Pakistanis Need To Think More Critically About “United India”

Pakistanis Need To Think More Critically About “United India”
Pakistan is going through an economic crisis that is exacerbated by the impact of the climate crisis caused floods, and political turmoil, thanks to the prodigal Kaptaan. The basic issue in the country is one of institutions - accountability, transparency and the delegation of powers - that have remained unresolved over decades. Yet, people are still being misled towards a revolution, Kaptaan style, that simply replaces one set of inept rulers with another, ala George Orwell’s Animal Farm.

These problems are here to stay, for there are no quick fixes. Adversity tests the mettle of nations. This means that instead of cheap armchair critics, Pakistanis will have to focus on the work at hand.

Yet, there are Pakistanis who drink the kool-aid of a “United India,” for they wish to abandon ship at the first sign of trouble. Take for instance this comment under YouTuber Dhruv Rathee’s recent video “What if India and Pakistan never separated?”:

“Being a Pakistani I appreciate your effort to spread true historical knowledge. Correct historical knowledge will rectify our historical errors. Reunification of India in some form will bring enormous amount of benefits for general population.

However, Rathee’s video is based on an Indian narrative that completely sidelines the Pakistani narrative and is rife with misrepresentation. For instance, he deems Sir Syed Ahmad Khan responsible for the Two Nation Theory. He also depicts the Quaid-e-Azam as a villain responsible for partition, and the Direct Action Day where majority Hindus were targeted.

Thus, Pakistanis with “reunification goosebumps” can choose between this liberal narrative or that of the Hindutva brigade spearheaded by the likes of J. Sai Deepak, who is feeding the narrative of Bharat where Muslims can live so long as they conform to the majoritarian narrative.

Alternatively, such Pakistanis have a choice to educate themselves on the Pakistani narrative through the work of Yasser Latif Hamdani and Muhammad Umair Khan. The narrative is clear that the push for a Hindu nation precedes the formation of the Muslim League. Unfortunately, Pakistan has marginalized Ahmadis and their contribution to Pakistan. Otherwise, Pakistanis would learn about the work of the founder of the Ahmadiyyah Jamaat, hailed by the leading Muslim theologians of the day, against the proselytization initiatives of the Arya Samaaj in Punjab.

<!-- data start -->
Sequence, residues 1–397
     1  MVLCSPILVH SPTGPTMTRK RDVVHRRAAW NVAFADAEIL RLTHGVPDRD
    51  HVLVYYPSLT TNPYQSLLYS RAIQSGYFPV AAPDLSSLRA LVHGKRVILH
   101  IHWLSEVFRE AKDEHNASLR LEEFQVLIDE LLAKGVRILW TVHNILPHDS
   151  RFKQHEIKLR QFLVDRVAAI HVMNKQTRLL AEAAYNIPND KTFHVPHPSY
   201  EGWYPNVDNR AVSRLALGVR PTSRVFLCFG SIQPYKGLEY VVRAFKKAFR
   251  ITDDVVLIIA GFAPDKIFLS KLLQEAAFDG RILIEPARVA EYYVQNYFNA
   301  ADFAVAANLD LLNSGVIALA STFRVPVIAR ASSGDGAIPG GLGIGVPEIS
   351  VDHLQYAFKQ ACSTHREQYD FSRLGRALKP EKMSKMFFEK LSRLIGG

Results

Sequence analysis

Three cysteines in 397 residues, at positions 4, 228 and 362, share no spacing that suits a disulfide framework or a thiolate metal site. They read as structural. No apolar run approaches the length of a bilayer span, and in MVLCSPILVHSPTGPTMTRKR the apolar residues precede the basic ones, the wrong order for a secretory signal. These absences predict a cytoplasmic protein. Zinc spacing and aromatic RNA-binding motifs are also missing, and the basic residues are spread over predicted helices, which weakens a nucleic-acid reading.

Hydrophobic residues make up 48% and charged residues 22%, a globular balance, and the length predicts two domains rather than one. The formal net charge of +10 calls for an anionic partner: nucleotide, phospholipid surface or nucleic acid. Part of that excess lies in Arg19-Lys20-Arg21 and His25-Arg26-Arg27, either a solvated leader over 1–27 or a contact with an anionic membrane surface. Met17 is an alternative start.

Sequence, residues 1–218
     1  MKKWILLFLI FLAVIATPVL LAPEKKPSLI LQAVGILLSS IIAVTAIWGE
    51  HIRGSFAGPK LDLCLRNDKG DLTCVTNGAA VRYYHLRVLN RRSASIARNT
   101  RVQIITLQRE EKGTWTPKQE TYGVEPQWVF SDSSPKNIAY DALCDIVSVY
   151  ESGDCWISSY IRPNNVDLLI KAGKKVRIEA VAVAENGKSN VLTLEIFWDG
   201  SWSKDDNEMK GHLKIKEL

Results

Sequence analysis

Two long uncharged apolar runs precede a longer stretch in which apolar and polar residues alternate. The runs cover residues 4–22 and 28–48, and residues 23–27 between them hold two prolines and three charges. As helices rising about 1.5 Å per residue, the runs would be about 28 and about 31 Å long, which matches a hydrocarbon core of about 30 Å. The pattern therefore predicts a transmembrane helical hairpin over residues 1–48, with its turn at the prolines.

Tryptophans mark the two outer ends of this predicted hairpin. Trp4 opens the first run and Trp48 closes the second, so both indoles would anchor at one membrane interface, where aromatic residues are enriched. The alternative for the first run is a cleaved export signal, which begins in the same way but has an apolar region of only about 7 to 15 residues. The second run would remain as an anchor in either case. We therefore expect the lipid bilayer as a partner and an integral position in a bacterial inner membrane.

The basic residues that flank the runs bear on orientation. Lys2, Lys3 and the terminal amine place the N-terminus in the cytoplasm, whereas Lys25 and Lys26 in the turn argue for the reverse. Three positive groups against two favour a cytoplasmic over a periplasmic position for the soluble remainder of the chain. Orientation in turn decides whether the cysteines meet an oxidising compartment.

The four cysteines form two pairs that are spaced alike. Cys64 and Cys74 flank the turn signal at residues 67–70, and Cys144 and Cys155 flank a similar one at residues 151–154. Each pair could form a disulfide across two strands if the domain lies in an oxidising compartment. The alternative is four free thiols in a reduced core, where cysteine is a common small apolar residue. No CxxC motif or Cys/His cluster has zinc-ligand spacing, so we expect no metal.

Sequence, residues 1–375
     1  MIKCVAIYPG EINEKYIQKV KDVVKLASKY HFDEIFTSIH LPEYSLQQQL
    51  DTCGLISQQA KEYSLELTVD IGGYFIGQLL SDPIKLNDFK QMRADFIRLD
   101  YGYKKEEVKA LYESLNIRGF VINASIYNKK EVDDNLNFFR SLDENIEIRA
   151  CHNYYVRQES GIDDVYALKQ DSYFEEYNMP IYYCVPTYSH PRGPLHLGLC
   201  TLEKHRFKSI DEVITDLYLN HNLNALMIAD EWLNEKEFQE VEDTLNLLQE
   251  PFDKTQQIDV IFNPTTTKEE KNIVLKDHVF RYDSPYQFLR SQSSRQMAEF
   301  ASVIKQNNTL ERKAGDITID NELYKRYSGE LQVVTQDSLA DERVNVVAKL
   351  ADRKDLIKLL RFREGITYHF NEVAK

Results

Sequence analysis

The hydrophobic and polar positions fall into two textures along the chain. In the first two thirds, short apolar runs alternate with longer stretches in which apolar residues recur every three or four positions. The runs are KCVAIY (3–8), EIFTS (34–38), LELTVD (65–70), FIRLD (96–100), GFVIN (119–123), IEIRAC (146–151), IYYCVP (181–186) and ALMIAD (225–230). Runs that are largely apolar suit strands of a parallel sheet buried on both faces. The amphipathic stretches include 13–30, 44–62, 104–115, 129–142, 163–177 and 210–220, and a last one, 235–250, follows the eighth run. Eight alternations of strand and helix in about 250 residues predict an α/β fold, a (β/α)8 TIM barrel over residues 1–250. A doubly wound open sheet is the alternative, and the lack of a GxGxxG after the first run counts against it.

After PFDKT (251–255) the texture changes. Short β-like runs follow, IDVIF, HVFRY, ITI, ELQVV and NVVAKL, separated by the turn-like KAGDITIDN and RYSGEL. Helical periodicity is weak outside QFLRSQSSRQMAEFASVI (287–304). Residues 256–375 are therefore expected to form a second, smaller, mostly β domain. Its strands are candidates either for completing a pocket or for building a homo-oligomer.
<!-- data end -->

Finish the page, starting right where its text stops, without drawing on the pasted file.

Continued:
Pakistanis need to remember that the Congress sidelined the most liberal and progressive Muslims to form alliances with the most regressive “mullah” elements of the Muslim community. Where the Khilafat movement held no meaning for Jinnah, Gandhi sided with those reactionaries who paid homage to the Ottoman Caliphate.

This is true even in present day India, where the most secular class of Muslims with Hindu spouses, such as the Bollywood Khans, are questioned on their patriotism and are subjected to boycotts. Moreover, the discrimination in residential housing - also highlighted in Bollywood movies like Mission Mangal (2019) - and the systemic discrimination against Muslims by the police precedes the rise of the BJP.

This discrimination against a minority in India is deep rooted. Muslims are often at the receiving end of communal riots. This is also true for the Direct Action Day (misrepresented by Rathee) on which Yasser Latif Hamdani writes:

“Contrary to what the Indians hold, all historians now agree that the massacre in Calcutta was primarily of Muslims and not Hindus. … The customary Indian accusation that the Muslim League planned and executed the massacre of innocents in Calcutta does not stand the test of facts.

Lord Wavell wrote on August 21 that “… the Hindus and Sikhs were every bit as fierce as the Muslims. The present estimate is that appreciably more Muslims were killed than the Hindus” (page 274, Volume VIII, Transfer of Power Papers).

This was confirmed by Sardar Patel’s letter, where he gloated about more, many times more, Muslim casualties than Hindus. This letter is quoted by renowned Indian historian Sumit Sarkar on page 432 of his book Modern India: 1885-1947.

One of the big gaping holes in the Indian nationalist version of history is that while all accounts seem to indicate that Muslims were armed with sticks, according to Sir Francis Tuker, “buses and taxis were charging about loaded with Sikhs and Hindus armed with swords, iron bars and firearms”.

If some Pakistanis want to drink the “United India” kool-aid it is their choice. If they wish to dream of a united cricket team or united Bollywood movies, then they should note that much brighter and astute thinkers and leaders have thought this through before.

Rathee’s video shows that in “United India”, Muslims would comprise 32% of the population instead of the current 15% comprised of Indian Muslims. Yet, this is precisely what the Quaid-e-Azam asked for in his 14 points - that Muslim representation shall not be less than 1/3rd in the Central Legislature to safeguard Muslim interests.

It was Congress that rejected Jinnah’s demand for consociationalism - the kind of agreement between the English and the French in Canada. Pakistanis need to remember that the “Bharat” narrative is not the Pakistani narrative. Just as 1857 represents freedom for Indians, but mutiny for the British, India’s partition is Pakistan’s independence.

Overall, Pakistanis need to stand by their nation in this trying time. They need to educate themselves on their own narrative instead of uncritically accepting calls for a united India.